How can you pre­vent the spread of COVID-19?

  • Pre­ven­tion starts with prac­tic­ing good per­son­al health habits: Wash your hands often with soap and water,
  • Stay home when you’re sick,
  • Cov­er your coughs and sneezes with a tis­sue,
  • Clean fre­quent­ly touched sur­faces and objects.
  • Get­ting plen­ty of rest, drink­ing flu­ids, eat­ing healthy foods, and man­ag­ing your stress can help you pre­vent get­ting COVID-19 and recov­er from it if you do.

DOH has estab­lished a call cen­ter to address ques­tions from the pub­lic. If you have ques­tions about what is hap­pen­ing in Wash­ing­ton state please call 1–800-525‑0127 and press #.

Want to watch the news con­fer­ence? The video is avail­able.

Now on to Ore­gon, where a coro­n­avirus case was report­ed in Lake Oswego:

per­son in Ore­gon is sick with the first pre­sump­tive case of the new coro­n­avirus in the state, Ore­gon health offi­cials said Fri­day. The news con­fer­ence is hap­pen­ing now.

Offi­cials say the patient, an adult, is employed at a school in Clacka­mas Coun­ty and may have exposed stu­dents and staff there. The school district’s plan­ning to close the school to allow pub­lic health offi­cials to com­plete their inves­ti­ga­tion, includ­ing con­tact­ing employ­ees there and fam­i­ly of chil­dren to inform them of their expo­sure and let them know next steps.

If you’d like to watch a video of the news con­fer­ence, it’s avail­able on Face­book.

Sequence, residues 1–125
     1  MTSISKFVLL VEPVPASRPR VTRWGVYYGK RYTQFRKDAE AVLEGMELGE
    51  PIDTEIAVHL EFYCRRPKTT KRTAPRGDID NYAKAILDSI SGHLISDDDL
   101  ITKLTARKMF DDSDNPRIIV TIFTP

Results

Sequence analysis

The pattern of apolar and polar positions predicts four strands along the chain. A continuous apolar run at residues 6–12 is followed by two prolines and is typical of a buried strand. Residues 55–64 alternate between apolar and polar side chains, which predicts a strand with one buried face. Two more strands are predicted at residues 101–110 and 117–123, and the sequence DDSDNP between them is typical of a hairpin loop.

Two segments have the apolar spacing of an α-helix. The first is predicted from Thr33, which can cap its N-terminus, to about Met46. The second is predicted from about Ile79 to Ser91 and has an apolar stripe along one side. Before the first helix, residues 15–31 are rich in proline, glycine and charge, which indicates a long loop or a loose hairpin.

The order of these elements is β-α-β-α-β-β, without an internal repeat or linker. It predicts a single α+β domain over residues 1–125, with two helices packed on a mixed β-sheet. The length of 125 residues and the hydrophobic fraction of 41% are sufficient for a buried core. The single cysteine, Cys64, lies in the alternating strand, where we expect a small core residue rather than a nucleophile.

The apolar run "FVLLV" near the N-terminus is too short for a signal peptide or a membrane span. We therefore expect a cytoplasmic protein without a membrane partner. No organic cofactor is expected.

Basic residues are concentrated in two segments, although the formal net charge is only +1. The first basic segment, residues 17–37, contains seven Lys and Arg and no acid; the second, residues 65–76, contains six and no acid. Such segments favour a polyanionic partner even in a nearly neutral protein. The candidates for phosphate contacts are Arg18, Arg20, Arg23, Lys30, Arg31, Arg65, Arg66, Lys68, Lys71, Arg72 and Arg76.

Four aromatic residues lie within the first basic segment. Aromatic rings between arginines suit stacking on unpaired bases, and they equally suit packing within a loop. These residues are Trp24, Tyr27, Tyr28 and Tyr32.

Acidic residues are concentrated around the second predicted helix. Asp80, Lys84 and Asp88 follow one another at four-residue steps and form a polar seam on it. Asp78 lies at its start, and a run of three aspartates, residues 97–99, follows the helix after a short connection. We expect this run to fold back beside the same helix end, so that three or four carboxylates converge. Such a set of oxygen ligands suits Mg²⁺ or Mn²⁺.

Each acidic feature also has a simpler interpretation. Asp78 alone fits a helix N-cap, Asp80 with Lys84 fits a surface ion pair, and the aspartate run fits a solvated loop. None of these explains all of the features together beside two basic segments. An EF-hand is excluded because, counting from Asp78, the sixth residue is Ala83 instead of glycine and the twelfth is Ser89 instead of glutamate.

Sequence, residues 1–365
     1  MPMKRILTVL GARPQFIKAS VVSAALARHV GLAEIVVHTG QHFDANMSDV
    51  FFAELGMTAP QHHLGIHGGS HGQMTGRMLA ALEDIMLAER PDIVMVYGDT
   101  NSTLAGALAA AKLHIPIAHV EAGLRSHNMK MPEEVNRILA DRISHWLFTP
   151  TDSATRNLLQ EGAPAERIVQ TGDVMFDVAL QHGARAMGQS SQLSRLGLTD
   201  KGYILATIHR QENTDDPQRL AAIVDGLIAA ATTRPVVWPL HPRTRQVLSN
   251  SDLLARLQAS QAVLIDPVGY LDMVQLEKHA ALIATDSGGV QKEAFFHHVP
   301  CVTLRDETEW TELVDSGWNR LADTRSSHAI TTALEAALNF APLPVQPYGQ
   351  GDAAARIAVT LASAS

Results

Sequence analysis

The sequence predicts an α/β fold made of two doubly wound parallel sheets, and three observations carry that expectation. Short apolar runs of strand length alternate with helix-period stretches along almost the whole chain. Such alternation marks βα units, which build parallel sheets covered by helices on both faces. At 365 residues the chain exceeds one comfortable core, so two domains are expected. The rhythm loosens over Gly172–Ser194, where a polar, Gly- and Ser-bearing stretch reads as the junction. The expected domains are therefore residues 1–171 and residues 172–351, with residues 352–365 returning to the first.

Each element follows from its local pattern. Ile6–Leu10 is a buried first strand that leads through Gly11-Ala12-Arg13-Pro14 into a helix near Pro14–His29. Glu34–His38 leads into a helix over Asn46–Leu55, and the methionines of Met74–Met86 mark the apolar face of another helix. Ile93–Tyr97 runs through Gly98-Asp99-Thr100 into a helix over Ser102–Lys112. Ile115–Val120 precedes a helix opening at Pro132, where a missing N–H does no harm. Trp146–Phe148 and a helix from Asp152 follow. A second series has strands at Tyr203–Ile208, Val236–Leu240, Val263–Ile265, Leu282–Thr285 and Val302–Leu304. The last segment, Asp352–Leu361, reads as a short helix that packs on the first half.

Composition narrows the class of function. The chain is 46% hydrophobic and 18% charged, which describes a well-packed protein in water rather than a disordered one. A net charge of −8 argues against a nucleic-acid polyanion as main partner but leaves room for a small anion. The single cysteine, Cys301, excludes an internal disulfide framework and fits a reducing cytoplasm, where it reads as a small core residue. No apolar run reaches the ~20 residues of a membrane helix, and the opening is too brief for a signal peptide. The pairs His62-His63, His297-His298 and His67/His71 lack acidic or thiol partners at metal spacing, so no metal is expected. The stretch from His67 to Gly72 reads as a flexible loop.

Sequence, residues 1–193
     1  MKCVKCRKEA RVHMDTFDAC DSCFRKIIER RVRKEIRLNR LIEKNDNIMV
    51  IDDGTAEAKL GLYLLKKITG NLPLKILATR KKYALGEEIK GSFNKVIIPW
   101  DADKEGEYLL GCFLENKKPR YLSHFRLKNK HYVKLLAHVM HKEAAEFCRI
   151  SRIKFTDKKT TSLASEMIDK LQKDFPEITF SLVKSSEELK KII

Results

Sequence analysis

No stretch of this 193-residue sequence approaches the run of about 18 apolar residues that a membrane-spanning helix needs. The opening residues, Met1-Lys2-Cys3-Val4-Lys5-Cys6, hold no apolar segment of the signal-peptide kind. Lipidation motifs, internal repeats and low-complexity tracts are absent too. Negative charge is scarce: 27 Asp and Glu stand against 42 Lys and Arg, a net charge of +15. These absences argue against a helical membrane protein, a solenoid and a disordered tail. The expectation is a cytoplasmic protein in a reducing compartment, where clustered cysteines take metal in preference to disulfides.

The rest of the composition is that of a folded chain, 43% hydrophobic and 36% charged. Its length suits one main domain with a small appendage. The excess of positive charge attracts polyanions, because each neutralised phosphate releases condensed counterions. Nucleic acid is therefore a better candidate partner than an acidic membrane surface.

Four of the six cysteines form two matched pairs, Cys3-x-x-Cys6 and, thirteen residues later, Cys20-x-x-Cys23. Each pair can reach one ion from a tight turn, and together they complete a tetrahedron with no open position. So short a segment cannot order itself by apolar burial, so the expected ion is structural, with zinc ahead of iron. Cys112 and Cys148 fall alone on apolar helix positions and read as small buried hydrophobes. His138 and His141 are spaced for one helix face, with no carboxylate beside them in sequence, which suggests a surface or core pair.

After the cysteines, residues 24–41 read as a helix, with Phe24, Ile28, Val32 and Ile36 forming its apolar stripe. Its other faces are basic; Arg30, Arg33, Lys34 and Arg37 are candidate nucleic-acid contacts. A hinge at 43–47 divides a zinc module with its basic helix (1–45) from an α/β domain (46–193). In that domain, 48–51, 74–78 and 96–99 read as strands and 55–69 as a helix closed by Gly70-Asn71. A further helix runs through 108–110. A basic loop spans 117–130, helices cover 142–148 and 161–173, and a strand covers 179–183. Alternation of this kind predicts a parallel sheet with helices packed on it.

Both the Ore­gon case announced ear­li­er today and one of the new Wash­ing­ton cas­es of COVID-19 con­cern indi­vid­u­als who are believed to have been exposed to the dis­ease here in the Pacif­ic North­west, as opposed to abroad.

Pri­or to the announce­ment of the Ore­gon case, Ore­gon Gov­er­nor Kate Brown announced the for­ma­tion of a statewide response team to mobi­lize the full resources of the Beaver State against COVID-19.

Gov­er­nor Brown’s news release detail­ing this effort is repro­duced below.

SALEM, OREGON — Gov­er­nor Kate Brown today con­vened a Coro­n­avirus Response Team tasked with coor­di­nat­ing state and local agen­cies and health author­i­ties in prepa­ra­tion for response to the coro­n­avirus, also known as COVID-19.

The team will build on the work of the Ore­gon Health Authority’s (OHA) coro­n­avirus inci­dent man­age­ment team to pre­pare Ore­gon to respond to any poten­tial out­breaks of the dis­ease.

“Let me be clear, as of today there are zero con­firmed cas­es of coro­n­avirus in Ore­gon, and the risk to Ore­go­ni­ans of con­tract­ing the coro­n­avirus remains low,” said Gov­er­nor Brown.

“How­ev­er, in an esca­lat­ing glob­al health cri­sis, we must make sure we are as ready and informed as we can be.”

“The pur­pose of the Coro­n­avirus Response Team is to ensure we are tak­ing every pre­cau­tion nec­es­sary, in coor­di­na­tion with local health author­i­ties, hos­pi­tals, com­mu­ni­ty health part­ners, and school dis­tricts, to make sure that Ore­gon is ful­ly pre­pared to respond to any out­breaks of the coro­n­avirus and that Ore­go­ni­ans know how they can keep their fam­i­lies safe.”

The Coro­n­avirus Response Team will meet reg­u­lar­ly to coor­di­nate coro­n­avirus response and prepa­ra­tion, to update the Gov­er­nor as the inter­na­tion­al sit­u­a­tion devel­ops, and make rec­om­men­da­tions to the Gov­er­nor to safe­guard pub­lic health.